The jurors, all women and the youngest members on the panel, wiped their eyes with tissues while Dr. Jeffrey Gofton, a forensic pathologist for the state Medical Examiner's office, testified he believes Susan Hamilton, 55, died from possibly three blows to her head with a blunt instrument. One blow crushed her skull, Gofton said.
She was strangled with a necktie and then her face was repeatedly smashed into the tile floor in the bathroom of her Quail Creek home.
Dr. John Baxter Hamilton is on trial for killing his wife. If convicted of first-degree murder, Hamilton, 53, could be sentenced to life in prison with or without the possibility of parole.
Jurors have spent two days hearing testimony and looking at photographs of the bloody crime scene and injuries the victim suffered.
Oklahoma City police Sgt. Larry Spruill, a crime scene investigator, was on the stand for a second day Thursday, detailing what the evidence means and how it got there.
Spruill told jurors he believed the attack happened quickly and the victim fought to free the necktie from her neck.
"She was taken down almost immediately and spun onto her face, Spruill said. "I don't think it took very long at all. I would say less than two minutes.
Marks made by the victim's fingernails were found on the body. Spruill said she probably grabbed at the necktie with both of her hands.
Prosecutors claim the defendant had fingernail scratches on one of his shoulders when he was arrested. The defense says the scratches could have been made by a number of objects besides fingernails. Pictures of his injuries have been shown to the jury.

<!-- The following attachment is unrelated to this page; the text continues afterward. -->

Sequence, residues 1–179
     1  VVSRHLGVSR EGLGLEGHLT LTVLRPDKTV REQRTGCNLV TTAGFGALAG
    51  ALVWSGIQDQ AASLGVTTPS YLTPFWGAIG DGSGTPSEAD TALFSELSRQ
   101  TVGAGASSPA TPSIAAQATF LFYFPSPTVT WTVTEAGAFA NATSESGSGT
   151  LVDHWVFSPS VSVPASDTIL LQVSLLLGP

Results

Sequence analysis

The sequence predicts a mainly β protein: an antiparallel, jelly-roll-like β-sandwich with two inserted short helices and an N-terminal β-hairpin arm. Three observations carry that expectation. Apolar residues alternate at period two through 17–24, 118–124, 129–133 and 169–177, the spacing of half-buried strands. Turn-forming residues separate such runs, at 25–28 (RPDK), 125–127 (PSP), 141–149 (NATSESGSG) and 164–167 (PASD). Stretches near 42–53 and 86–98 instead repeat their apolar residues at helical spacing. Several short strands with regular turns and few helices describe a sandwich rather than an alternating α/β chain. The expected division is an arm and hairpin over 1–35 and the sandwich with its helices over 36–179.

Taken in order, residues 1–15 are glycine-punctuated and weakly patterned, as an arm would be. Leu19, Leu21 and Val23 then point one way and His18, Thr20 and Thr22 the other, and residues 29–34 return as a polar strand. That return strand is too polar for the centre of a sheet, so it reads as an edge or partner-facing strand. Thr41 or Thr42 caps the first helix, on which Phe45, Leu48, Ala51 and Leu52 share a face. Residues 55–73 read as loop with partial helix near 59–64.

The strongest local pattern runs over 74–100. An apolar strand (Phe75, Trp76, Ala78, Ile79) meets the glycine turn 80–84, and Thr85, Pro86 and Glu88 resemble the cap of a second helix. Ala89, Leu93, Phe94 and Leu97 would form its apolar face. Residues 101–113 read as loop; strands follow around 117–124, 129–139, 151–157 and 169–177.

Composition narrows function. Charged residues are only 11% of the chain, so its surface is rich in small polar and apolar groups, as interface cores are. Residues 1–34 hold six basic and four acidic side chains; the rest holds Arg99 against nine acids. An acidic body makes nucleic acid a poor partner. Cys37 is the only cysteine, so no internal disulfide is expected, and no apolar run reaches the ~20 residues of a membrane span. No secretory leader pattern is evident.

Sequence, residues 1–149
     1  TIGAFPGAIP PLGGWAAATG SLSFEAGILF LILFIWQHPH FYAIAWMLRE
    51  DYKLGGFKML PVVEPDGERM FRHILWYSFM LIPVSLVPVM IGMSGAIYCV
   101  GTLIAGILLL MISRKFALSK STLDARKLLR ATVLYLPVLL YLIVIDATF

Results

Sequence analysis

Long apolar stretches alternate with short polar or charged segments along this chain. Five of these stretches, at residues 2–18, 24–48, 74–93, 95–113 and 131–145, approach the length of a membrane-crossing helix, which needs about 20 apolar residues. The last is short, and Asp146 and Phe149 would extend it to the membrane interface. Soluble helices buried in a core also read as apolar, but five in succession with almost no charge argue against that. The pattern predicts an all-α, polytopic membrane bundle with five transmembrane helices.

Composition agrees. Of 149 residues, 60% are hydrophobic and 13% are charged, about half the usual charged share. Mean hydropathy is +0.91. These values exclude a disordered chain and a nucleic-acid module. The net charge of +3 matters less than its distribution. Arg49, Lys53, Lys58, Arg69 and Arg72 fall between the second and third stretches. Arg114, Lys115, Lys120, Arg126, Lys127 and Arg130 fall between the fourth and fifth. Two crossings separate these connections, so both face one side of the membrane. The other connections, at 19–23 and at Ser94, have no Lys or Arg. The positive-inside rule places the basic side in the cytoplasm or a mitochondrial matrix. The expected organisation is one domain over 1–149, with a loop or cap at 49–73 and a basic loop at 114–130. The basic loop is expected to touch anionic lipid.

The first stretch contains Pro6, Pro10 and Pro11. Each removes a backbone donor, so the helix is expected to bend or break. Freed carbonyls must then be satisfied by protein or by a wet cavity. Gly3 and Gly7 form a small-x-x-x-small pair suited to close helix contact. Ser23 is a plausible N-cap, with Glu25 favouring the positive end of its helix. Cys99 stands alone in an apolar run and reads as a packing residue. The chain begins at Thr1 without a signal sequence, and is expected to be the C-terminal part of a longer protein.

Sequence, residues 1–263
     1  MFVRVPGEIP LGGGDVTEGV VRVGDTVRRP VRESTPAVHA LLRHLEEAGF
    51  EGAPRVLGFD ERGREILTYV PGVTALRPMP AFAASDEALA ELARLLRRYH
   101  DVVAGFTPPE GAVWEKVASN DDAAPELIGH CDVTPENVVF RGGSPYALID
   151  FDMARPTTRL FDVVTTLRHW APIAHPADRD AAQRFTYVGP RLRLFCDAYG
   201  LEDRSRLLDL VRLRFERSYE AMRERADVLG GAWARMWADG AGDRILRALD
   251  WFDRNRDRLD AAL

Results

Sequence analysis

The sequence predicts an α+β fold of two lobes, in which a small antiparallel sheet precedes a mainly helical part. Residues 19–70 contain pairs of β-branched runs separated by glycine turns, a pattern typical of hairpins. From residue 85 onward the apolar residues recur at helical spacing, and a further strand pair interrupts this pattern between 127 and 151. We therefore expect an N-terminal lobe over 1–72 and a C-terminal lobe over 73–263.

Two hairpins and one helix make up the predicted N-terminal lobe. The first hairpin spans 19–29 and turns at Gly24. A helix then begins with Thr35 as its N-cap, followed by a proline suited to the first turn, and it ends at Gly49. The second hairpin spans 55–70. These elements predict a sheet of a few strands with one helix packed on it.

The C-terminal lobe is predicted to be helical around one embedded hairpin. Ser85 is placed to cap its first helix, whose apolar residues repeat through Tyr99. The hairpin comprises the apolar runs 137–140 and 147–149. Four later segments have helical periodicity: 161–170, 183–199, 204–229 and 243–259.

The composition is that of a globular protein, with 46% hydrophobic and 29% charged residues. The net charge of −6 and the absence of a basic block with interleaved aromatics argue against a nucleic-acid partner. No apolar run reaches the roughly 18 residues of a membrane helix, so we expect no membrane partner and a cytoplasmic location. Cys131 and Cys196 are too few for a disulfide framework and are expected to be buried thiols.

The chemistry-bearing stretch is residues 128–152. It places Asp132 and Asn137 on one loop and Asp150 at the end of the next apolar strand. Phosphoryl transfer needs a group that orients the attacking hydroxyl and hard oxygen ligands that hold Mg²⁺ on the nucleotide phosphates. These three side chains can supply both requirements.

One unanswered question for investigators is how the killer got out of the house at 3056 Brush Creek Road without leaving a bloody trail. Officers say they can account for all the bloody footprints inside the house, but there is no evidence showing how the person got outside.
Prosecutors are trying to prove Hamilton hid his bloody clothes and the blunt instrument used to kill the victim. Prosecutors claim Susan Hamilton's flesh and blood found inside John Hamilton's car came from the clothes and the blunt instrument. Police haven't found the murder weapon or the clothes.
Defense attorneys say the victim's blood and flesh got in the car when Hamilton realized after calling 911 his car was blocking the drive for emergency vehicles. The doctor stopped giving his wife cardiopulmonary resuscitation and went to move the car, but he was shaking so badly he couldn't get the key in the ignition, defense attorney Mack Martin said.
When asked if there shouldn't have been a blood trail in the house if the defense theory is true, Spruill said: "I would expect that. It doesn't always happen that way.
"I didn't find any evidence of blood leading up to the front door. We don't have a weapon. Someone had to leave.
Spruill told jurors he has an opinion on how the killer got out of the house without leaving a blood trail even though the evidence doesn't provide an answer.
The investigator testified he thought the killer first took a shower and then let the water run for an extended period of time. The attacker poured cleaning solution in the drain in an attempt to prevent investigators finding blood in the shower, the investigator said.
The killer, careful not to step in the blood, changed into clean clothes and concealed the bloody clothes in a plastic bag before carrying them out of the house, Spruill said. The perpetrator then turned up the heat in the bathroom so the water in the shower would evaporate, he said.
"There is physical evidence missing from this crime scene, Spruill said. "Someone got out of that room without leaving a bloody trail. I can only speculate how.
Testimony is expected to continue this morning before District Judge Ray Elliott. Prosecutors may finish calling their witnesses today.